I’m Living with MS, I’m Not ‘Battling’ It

I’m Living with MS, I’m Not ‘Battling’ It

A former colleague recently asked me, “How are you doing in your battle with MS?” It was a legitimate question, not one of those throwaway lines of mock concern that we often hear. We were discussing the death of a former colleague who had been diagnosed with MS in 1996. She was just 59 years old when she left us a week ago.

Annie’s death and the “how are you doing” question got me thinking about the course of my own MS. I was diagnosed in 1980 and I’m now 70 years old. So, I’ve been stumbling — and now usually riding — along the MS road for a lot of years. And, here’s the thing: I’ve never thought of myself as “battling my MS.” In fact, I have a great dislike for that phrase.

For me, living with MS is more like having a constant companion. Some days we get along very well; on others, my companion can be a real pain in the butt. (I’d rather use a stronger word, but my editors would cringe). Sometimes we arm-wrestle — and my MS medications have helped me win many of those contests — but we never battle.

Join the MS forums: an online community especially for patients with MS.

Yes, MS has robbed me of the ability to be as active as I’d like to be. I can’t play tennis, but I can — and do — swim. I travel. I enjoy music and reading. I can’t “walk” my dog, but I can take him out using my scooter. There’s no battle underway when I’m doing these things.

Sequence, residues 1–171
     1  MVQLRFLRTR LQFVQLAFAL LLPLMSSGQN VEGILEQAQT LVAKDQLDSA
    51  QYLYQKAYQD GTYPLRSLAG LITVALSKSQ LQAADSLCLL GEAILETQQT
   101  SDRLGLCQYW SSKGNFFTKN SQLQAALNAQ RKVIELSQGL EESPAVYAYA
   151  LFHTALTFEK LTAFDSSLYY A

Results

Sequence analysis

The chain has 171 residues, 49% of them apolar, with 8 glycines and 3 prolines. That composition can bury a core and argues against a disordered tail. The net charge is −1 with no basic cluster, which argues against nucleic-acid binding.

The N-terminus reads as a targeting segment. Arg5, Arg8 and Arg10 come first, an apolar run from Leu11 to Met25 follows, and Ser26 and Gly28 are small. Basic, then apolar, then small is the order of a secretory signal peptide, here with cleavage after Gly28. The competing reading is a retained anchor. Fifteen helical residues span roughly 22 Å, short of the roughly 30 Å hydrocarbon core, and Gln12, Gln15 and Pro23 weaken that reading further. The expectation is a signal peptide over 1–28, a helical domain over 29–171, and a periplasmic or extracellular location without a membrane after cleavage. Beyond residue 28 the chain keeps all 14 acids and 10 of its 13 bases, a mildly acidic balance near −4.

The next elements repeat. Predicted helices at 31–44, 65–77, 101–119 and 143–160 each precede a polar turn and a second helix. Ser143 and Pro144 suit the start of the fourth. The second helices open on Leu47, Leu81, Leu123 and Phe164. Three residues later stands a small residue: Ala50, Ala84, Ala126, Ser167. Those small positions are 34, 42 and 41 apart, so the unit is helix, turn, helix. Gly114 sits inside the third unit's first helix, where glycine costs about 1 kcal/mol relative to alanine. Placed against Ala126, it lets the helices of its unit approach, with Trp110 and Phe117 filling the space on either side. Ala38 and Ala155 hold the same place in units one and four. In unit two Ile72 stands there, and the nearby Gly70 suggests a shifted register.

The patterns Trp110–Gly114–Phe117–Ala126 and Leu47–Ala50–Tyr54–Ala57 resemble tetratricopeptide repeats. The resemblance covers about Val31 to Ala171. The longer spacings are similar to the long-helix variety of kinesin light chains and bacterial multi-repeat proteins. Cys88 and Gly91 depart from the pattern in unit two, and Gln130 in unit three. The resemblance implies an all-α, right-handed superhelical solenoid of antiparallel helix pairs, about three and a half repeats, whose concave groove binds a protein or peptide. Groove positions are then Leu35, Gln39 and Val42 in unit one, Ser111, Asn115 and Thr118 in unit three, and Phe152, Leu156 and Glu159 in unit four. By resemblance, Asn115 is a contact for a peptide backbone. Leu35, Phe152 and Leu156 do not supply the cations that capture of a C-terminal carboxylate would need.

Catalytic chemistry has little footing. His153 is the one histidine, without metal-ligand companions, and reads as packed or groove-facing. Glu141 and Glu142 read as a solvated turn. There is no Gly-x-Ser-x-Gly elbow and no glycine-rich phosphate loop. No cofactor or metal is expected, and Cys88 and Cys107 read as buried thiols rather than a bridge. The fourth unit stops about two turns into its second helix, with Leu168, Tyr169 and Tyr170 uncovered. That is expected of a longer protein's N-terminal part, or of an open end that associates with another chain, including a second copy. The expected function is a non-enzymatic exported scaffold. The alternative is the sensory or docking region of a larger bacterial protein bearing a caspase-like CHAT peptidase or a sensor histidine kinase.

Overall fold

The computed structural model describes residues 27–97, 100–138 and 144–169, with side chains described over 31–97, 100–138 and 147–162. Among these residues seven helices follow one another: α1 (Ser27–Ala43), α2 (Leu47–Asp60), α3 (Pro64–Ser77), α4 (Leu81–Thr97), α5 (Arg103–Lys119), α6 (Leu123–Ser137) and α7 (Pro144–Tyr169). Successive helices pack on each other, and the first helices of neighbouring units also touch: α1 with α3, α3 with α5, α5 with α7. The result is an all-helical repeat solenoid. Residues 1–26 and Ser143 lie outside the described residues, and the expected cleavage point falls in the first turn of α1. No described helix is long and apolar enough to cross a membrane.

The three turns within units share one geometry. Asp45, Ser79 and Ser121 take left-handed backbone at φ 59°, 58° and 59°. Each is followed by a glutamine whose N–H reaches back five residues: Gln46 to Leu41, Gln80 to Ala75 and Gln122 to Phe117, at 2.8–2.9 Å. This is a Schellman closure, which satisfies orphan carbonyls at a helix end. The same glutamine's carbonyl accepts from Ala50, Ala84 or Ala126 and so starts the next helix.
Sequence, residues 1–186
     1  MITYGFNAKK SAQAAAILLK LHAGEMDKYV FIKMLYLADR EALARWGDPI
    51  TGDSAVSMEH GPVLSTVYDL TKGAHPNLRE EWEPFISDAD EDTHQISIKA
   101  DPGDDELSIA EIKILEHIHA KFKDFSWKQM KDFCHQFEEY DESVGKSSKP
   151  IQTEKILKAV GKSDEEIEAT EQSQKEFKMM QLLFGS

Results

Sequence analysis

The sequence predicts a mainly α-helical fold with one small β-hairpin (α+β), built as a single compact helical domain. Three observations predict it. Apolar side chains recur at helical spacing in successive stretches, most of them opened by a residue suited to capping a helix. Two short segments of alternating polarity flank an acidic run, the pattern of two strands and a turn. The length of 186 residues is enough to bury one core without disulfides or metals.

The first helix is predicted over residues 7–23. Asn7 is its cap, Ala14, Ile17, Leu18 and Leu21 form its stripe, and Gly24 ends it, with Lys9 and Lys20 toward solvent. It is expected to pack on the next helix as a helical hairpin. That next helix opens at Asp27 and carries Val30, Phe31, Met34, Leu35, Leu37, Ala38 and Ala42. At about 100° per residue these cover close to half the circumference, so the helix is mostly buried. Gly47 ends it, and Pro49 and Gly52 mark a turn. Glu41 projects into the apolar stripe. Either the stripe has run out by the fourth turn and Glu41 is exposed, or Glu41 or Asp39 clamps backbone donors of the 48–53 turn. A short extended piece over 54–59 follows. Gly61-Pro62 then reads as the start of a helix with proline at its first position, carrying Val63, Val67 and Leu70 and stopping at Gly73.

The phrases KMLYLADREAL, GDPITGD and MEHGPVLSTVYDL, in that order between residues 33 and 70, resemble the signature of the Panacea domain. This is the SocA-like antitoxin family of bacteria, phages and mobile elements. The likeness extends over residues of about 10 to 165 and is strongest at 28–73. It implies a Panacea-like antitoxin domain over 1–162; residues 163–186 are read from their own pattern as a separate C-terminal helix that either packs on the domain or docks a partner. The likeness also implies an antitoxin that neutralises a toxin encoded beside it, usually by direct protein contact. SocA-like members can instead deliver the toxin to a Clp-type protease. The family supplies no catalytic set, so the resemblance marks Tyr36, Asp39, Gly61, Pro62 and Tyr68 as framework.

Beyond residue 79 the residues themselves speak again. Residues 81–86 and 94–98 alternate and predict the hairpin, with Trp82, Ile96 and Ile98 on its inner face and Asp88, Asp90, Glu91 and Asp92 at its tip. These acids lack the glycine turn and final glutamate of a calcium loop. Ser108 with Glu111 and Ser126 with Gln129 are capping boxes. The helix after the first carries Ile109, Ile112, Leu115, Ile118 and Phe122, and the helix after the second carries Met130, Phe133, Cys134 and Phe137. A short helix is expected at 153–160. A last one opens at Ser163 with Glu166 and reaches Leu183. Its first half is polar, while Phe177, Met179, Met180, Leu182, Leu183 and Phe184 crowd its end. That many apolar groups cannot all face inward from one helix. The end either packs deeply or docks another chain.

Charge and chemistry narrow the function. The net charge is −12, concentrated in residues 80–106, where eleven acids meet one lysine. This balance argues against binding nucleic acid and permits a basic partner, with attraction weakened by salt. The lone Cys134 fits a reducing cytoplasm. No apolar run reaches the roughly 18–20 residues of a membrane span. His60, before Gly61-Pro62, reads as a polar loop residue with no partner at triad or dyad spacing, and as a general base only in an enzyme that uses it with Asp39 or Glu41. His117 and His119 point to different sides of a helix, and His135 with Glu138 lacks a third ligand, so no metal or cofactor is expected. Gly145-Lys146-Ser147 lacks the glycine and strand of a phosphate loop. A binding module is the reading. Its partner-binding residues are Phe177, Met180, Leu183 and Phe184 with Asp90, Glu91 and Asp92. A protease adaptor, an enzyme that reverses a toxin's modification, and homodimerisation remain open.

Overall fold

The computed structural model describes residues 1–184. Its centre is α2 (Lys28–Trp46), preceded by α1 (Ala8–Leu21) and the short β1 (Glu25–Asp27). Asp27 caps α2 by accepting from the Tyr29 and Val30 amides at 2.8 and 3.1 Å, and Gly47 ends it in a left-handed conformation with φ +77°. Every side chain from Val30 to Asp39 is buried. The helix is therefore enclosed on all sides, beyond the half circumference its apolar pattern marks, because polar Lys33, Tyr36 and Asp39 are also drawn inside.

I know that I’ve been very fortunate. My MS has progressed relatively slowly over the past four decades. I’m sure that there are others who do consider their lives with MS to be a battle, but I don’t. If you’re really interested in me, just ask, “Is anything new with your MS?” or, “Are your Lemtrada (alemtuzumab) treatments helping?” or, simply, “How ya doin’?” But, please, don’t ask how my battle is going.

You’re invited to visit my personal blog at www.themswire.com.


Note: Multiple Sclerosis News Today is strictly a news and information website about the disease. It does not provide medical advice, diagnosis, or treatment. This content is not intended to be a substitute for professional medical advice, diagnosis, or treatment. Always seek the advice of your physician or other qualified health provider with any questions you may have regarding a medical condition. Never disregard professional medical advice or delay in seeking it because of something you have read on this website. The opinions expressed in this column are not those of Multiple Sclerosis News Today or its parent company, BioNews Services, and are intended to spark discussion about issues pertaining to multiple sclerosis.

Ed Tobias is a retired broadcast journalist. Most of his 40+ year career was spent as a manager with the Associated Press in Washington, DC. Tobias was diagnosed with Multiple Sclerosis in 1980 but he continued to work, full-time, meeting interesting people and traveling to interesting places, until retiring at the end of 2012.